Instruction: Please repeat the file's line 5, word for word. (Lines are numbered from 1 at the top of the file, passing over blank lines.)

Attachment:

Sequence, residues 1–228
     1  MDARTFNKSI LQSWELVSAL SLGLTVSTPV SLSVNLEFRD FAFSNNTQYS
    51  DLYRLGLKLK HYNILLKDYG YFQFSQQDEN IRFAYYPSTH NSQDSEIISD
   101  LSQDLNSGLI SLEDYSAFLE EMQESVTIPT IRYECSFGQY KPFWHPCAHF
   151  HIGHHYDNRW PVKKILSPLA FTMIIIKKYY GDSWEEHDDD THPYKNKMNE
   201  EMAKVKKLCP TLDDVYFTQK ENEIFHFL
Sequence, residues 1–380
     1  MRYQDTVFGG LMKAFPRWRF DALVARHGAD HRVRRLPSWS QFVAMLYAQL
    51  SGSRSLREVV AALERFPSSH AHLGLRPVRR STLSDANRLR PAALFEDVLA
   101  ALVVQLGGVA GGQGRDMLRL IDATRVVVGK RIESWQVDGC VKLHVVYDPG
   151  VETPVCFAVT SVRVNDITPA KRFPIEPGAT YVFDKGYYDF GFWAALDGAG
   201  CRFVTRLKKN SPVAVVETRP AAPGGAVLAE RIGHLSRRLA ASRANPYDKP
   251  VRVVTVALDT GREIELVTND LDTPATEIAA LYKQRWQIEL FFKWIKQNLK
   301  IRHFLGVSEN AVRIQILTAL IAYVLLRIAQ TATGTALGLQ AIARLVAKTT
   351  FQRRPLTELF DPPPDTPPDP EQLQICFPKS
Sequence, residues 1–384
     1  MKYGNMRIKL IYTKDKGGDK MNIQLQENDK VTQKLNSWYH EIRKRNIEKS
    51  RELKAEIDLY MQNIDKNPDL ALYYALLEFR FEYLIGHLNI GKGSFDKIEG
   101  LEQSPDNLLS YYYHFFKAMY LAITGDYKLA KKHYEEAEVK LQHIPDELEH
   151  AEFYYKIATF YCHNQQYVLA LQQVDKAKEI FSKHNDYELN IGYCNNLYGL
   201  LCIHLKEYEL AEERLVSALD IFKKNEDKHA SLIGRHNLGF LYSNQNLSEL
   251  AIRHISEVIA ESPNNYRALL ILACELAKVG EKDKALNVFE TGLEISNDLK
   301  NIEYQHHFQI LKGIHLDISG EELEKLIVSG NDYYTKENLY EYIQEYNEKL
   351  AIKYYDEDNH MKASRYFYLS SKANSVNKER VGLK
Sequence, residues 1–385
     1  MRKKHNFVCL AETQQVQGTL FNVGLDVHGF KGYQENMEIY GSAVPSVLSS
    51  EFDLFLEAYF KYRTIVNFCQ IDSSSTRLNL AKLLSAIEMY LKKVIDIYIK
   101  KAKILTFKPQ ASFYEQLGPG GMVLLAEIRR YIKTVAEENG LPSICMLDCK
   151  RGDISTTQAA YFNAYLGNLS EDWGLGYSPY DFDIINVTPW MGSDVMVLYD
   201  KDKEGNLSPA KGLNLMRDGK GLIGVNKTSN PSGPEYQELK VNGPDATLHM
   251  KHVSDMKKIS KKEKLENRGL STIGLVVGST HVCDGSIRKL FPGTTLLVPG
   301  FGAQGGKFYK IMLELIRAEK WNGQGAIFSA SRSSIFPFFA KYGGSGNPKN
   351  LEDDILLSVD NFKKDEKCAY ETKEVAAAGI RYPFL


   151  HIGHHYDNRW PVKKILSPLA FTMIIIKKYY GDSWEEHDDD THPYKNKMNE